I see many forum threads extolling the virtues of the latest and greatest camera flash diffuser, wiz-bang light modifier or best ever bounce attachment.... the "must have gadget that makes your on camera flash produce studio lighting".... etc etc
Well the fact is.... physics has not changed! Light still travels in straight lines, is diffused and bounced just like it always has been, sees it's intensity drop to 1/4 as the distance doubles and can only be made "soft" in ONE way..... by making it BIGGER in relation to the size of the subject lit.
This is the principal behind both bouncing and diffusing our flash units. Bounce the flash off a ceiling or umbrella and the light source becomes much bigger. Diffuse our light source through a much larger attachment like a light box and it becomes much bigger.
Of course size is relative to distance... ie: a 100cm soft box will give lovely soft light when 50cm from your subject, but put it a 5m and it starts to become "relatively" small to the subject and the resulting light will be much harder.
What about on-camera diffusers that are not much bigger, how well do they work?
Basically these "diffusers" would be better off called "bounce" attachments, as the relatively small increase in physical size does little to provide a softer light. Instead, they spread the light in all directions, so that it can bounce back off walls and ceilings etc.
Naturally a percentage of this diffused light makes direct contact with the subject and it is the combination of this direct light (which is strongest because it took the shortest route) and the weaker bounced (or "fill") light that makes for a more pleasing light with no harsh shadows.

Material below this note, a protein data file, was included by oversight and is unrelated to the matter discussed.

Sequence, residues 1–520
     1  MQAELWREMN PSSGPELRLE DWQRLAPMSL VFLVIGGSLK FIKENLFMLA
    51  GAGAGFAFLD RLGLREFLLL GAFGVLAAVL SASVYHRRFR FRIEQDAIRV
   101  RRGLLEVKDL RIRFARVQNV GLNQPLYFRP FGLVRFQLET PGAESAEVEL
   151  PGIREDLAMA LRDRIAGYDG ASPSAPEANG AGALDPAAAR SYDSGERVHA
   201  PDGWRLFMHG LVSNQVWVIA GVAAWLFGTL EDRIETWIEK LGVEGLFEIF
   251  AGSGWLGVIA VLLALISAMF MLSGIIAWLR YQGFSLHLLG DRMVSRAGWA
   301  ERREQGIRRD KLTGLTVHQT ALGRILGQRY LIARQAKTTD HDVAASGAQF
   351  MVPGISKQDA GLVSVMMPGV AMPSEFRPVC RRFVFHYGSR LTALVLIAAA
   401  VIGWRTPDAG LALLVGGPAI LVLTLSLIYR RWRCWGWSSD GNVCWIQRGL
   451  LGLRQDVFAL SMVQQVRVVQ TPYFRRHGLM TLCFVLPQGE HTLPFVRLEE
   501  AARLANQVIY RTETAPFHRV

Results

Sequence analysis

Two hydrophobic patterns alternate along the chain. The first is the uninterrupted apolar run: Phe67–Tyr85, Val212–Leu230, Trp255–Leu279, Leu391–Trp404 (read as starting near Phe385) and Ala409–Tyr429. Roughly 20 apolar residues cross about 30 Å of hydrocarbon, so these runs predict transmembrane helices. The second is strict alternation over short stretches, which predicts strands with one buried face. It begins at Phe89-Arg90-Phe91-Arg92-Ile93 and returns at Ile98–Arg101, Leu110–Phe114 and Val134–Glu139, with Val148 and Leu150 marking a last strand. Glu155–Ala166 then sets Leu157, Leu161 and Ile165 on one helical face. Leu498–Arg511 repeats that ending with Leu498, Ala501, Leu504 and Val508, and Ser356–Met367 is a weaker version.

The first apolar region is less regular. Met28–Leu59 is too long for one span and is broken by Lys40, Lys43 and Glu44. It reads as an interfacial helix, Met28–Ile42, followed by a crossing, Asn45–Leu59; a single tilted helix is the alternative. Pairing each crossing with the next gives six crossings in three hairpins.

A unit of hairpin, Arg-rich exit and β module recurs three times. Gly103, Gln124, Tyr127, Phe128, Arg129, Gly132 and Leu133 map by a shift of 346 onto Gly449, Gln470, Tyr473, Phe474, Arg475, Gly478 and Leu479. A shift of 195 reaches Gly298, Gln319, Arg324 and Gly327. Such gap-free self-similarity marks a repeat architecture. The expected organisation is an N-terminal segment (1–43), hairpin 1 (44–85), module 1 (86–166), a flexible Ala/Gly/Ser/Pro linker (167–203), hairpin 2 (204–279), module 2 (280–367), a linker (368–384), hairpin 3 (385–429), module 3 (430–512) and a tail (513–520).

How do these diffusers work outside, or in large open rooms with nothing to bounce off of?
The short answer is.... not very well. As I stated earlier, the relatively small increase in physical size does little to provide a softer light and if there is nothing to bounce off there will be no secondary "fill". So in effect these diffusers make things worse in these situations, as they waste light that could otherwise be used to light the subject.
I have seen demonstrations where one flash attachment is used to fill a whole ball room of people!
Yes I have seen those too, but don't be fooled by what information is conveniently left out. In the demonstrations that I have seen, the photographer avoids mention that a much wider aperture or higher ISO has been used. When this is done the pre-existing ambient lighting becomes a very large player in the exposure. So the result is NOT as much about how good the attachment is, but equally (if not more) about the different photographic technique used. In the case of a wider aperture, the result comes at the loss of DOF (depth of field) and this is not desirable when trying to keep large number of people in focus.
So what is the best flash diffuser that covers all applications?
None! All the diffusers work given the right situation (normally enclosed spaces), but no "one" is the best at everything. It is my advise to have a number of techniques in your bag of skills and apply the best one for any given situation.
Here are a few guides to remember when you search for your new flash diffuser....
1: Diffusers are LARGE (ie soft boxes and umbrellas) and need to be set close to your subject to maintain relative size.
The following image is to give you some idea of the results from various techniques..
Full Size Image
AustralianLight - Landscape Photography
UPDATE: As mentioned previously mentioned... Without an object to bounce off, any and all small on-camera flash diffusers are useless. So in this outdoor situation, the flash was fired through a 36 inch translucent umbrella. (See more information in the comments below)
Tags: diy flash diffuser home made stofen bounce flash light modifier photography photographic camera speedlight